# Context Free Grammars

Context free grammars are a concept originating in linguistics but widely used in (theoretical) computer science.

For this section, I'm going to use a bunch of mathematical notation, but I'll try to explain everything as it comes along.

A set is collection of elements where each element appears only once. The set of the number from one to four can be written as .

An alphabet is a set with a finite number of elements (the natural numbers 1, 2, 3, …, would be an example for an infinite set).

A context free grammar has four components:

1. An alphabet of terminals (read: “things where the expansion terminates”)
2. An alphabet of non-terminals (read: “things that can expand into other things”)
3. A set of production rules
4. The start symbol , an element of the set of non-terminals

It's important that the terminal and non-terminal alphabets are disjoint , i.e. there is no element that is part of both sets.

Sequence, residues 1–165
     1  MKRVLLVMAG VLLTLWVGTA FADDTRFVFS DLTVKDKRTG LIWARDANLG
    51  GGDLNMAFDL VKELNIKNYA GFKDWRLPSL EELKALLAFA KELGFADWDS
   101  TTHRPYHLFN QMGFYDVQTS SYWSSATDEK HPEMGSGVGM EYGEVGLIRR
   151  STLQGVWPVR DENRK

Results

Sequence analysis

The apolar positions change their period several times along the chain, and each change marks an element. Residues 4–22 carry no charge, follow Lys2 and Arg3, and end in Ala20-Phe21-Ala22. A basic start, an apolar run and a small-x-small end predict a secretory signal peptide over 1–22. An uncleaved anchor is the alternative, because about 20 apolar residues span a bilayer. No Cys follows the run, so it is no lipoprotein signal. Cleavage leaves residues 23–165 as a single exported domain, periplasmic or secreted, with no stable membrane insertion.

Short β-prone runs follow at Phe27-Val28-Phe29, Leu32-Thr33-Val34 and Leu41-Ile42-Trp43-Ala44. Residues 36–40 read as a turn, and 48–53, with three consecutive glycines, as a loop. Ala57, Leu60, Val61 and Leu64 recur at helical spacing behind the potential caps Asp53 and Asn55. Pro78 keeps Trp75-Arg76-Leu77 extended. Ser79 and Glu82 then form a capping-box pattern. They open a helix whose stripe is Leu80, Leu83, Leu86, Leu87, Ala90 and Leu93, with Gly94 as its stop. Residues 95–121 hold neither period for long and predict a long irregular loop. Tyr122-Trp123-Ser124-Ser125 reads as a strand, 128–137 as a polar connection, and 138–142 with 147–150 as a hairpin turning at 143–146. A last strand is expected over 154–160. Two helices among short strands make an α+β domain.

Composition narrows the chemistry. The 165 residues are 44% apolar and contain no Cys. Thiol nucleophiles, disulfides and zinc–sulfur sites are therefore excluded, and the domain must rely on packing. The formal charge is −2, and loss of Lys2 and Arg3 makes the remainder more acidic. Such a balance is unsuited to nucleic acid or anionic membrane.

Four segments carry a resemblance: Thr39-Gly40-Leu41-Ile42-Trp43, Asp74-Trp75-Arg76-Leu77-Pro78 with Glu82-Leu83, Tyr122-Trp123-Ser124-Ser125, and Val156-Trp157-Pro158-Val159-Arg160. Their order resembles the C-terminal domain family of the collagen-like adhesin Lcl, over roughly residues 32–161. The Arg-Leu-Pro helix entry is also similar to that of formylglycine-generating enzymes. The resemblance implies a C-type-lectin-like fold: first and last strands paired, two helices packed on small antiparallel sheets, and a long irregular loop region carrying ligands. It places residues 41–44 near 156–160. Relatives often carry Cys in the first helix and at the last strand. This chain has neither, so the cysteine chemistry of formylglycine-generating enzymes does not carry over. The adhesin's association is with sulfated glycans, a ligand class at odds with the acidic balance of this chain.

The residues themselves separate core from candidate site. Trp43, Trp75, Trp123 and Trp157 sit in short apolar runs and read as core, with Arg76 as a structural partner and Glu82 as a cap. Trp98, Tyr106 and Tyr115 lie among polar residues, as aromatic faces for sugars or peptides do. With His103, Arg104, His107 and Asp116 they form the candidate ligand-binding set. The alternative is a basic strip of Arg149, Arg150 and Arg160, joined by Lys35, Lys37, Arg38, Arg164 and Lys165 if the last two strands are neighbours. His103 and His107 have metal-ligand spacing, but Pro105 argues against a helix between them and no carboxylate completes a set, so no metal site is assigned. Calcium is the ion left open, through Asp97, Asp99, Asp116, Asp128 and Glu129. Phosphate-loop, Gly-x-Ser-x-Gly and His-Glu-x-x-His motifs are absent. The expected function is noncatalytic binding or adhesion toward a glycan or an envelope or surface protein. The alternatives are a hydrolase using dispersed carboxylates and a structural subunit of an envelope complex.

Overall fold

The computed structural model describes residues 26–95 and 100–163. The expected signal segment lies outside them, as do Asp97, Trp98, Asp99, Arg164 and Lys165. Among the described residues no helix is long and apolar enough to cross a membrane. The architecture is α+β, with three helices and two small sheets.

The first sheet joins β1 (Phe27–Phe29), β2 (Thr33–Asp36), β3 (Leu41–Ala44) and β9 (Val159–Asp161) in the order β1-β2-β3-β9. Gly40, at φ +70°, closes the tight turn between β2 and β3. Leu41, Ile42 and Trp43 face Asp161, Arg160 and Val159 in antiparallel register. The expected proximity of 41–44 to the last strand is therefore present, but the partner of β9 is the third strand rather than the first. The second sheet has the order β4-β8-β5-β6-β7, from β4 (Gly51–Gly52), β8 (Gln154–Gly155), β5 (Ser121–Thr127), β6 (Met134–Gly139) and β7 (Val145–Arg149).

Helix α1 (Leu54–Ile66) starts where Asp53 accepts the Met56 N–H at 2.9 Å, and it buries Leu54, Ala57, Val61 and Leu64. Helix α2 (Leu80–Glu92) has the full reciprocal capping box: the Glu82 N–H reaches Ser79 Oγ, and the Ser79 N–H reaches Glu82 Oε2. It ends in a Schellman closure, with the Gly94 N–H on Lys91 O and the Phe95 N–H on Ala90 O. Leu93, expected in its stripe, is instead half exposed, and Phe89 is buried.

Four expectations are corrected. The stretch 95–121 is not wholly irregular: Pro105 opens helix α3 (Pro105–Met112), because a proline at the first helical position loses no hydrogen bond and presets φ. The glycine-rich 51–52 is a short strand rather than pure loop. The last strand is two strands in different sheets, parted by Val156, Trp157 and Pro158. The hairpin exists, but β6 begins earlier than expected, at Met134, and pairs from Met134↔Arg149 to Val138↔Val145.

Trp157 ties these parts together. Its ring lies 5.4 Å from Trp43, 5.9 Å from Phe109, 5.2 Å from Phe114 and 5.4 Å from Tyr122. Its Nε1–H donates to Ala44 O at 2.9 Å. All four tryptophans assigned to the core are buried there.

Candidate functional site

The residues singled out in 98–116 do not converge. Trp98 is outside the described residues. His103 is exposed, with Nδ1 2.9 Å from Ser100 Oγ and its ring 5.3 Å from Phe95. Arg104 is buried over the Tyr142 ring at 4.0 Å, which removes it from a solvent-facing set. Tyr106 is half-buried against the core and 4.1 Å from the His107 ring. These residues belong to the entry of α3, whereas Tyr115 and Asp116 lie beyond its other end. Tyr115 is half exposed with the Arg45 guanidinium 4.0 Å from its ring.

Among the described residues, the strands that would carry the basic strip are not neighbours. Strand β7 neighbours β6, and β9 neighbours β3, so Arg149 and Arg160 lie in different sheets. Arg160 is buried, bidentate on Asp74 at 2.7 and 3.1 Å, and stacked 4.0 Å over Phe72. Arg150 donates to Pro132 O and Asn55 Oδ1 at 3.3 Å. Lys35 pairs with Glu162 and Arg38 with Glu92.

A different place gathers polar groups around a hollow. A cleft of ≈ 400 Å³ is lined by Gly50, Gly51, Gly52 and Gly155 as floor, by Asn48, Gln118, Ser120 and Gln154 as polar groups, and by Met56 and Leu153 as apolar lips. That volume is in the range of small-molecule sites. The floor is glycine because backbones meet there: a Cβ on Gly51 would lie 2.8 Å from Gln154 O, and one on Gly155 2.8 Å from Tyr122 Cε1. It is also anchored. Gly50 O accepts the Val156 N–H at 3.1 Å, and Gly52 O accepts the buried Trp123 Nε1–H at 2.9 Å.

Production rules have the form . can be read as “Combine the sets and ”, is called Kleene star and can be read as “repeated zero or more times”.

The part on the right of the is called right hand side , or RHS , the part on the left left hand side or LHS .

A grammar is expanded starting with the start symbol and then replacing each non-terminal with the RHS of one of its rules.

Time for a simple example:

• • • • Starting from , the grammar expands into , then each expands into , so the end result is .

There can be multiple rules with the same right hand side , so there are (possibly infinitely) many sequences a grammar can expand to.

• • • •  is the notation for an empty sequence, so when expanding , the just disappears.

Expanding this grammar, we have two options, either expand to or to .

Expanding further, we have two options again, either expand it to or to .

This can be repeated infinitely many times, so the grammar produces sequences of of any length. (Remember the Kleene star? We can use it to write that as instead).